They definitely enjoy throwing fruit and vegetables in the juicer:
And how much fun it is to watch the juice coming out of the juicer:
Here is why I like making juice with my kids:
- It is a food preparation activity which requires minimum setup and minimum clean up.
- We can use any fruit and vegetables we have handy.
- We can be very creative when it comes to recipes. Kids can create recipes themselves.
- Kids like to eat cut up vegetables in the process of making juices
- There are no hot pots and pans involved they can touch and brun themselves
- It is fun!
Linda and Jay also agreed to answer some of my questions about making fresh squeezed juices for kids:
Are there any limitations on how much juice can toddlers or preschoolers drink? My 2-year-old can drink an entire cup of carrot juice. I am concerned if that could be too much for her.
[Linda] If she is 2 year olds, this is no problem…in fact that’s amazing she is drinking carrot juice. Most kids won’t drink more than 12 ounces at a time, and if they do, it’s fine, although their bowels may look a bit different than normally, so that needs to be considered.
Are juices safe for babies between 4 and 6 months old?
[Linda] We don’t recommend juicing for infants under six months old, due to the bacteria (whether they are organic or not) , but mostly it’s because of the strength of vegetable juices being so strong.
However, if parents are inclined to introduce fruit juices before a baby is 6 months old, we suggest diluting them 50/50 with purified steam distilled water, and make sure they are washed thoroughly and organic. Once children are 6 months old, then we suggest any kinds of veggie juices will be fine, but still mixed 50/50 as we suggested with the fruit juices.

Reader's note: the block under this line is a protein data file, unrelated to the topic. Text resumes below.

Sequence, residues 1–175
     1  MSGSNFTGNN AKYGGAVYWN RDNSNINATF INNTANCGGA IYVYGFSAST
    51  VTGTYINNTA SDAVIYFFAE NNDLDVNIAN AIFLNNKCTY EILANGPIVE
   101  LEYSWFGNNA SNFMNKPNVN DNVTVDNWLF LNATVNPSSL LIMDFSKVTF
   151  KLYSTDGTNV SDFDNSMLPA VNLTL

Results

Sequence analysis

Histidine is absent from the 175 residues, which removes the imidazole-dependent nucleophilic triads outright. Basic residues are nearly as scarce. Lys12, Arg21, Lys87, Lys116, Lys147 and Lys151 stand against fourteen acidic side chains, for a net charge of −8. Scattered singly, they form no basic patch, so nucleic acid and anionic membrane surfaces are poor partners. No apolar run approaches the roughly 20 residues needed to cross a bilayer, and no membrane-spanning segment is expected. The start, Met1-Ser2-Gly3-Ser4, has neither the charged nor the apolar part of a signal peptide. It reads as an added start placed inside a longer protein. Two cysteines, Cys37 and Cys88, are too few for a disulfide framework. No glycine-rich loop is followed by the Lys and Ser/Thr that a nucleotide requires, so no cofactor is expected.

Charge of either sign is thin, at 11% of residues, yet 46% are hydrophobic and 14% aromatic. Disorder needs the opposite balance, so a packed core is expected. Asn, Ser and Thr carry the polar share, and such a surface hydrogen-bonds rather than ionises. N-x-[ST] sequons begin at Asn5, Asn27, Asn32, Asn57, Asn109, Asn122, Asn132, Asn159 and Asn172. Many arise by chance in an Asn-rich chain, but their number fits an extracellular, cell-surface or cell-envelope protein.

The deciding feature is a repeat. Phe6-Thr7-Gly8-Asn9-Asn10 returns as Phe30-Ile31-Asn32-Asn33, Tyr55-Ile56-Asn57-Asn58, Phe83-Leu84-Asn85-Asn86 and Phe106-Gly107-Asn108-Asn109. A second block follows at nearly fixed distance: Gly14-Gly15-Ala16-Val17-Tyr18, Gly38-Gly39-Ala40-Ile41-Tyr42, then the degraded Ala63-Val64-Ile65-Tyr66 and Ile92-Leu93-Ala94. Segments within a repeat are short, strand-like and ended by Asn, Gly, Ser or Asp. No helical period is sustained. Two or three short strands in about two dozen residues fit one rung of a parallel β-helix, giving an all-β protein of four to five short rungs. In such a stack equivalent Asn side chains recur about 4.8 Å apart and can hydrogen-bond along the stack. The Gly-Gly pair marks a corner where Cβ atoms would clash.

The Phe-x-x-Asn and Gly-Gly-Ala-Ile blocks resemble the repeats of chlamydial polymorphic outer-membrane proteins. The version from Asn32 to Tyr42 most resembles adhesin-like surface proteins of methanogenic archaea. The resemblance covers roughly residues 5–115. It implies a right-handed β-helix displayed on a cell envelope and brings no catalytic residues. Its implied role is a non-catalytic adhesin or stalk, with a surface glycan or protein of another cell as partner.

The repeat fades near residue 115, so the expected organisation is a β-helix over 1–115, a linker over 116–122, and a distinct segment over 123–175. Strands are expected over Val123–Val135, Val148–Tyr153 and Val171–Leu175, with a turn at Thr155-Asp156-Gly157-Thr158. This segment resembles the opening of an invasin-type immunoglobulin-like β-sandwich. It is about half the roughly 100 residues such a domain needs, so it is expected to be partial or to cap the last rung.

Are all fruits and vegetables safe to use in juices for kids?
[Linda] We don’t recommend more than 1/4 of a beet for any child from the age 1 – 3 years old. No beets or veggies in juice for until they are 6 months old, and with beets we like to wait until they are one year old. Beets are highly cleansing and work heavily on the liver as a detoxifying agent so that’s why we like to wait until they are 1 and that would mean, only 1/4 of a small beet mixed in with apples. Apple/beet combination is wonderful. Once a child reaches 5 years old, then they can consume as much as a half of a beet, when combined with other apples, or carrots, or celery, or something like that.
You should try these Top 4 Children’s Juice Combinations from Jay and Linda:
#1. Sweet bubbles: 2 peeled oranges and 1/4 pineapple without the rind
#2. Purple Playmate: 1/2 cup fresh blueberries and 2 peeled oranges
#3. The Red Parrot: 4 golden Delicious Apples and 1/4 beet without the green leaves
#4. Relaxing Charlie: 3 ribs Celery and 2 golden delicious apples
Review disclaimer: I did not receive monetary compensation for this review. I received Jay Kordich PowerGrind Pro™ juicer for review purposes. This is not a giveaway post.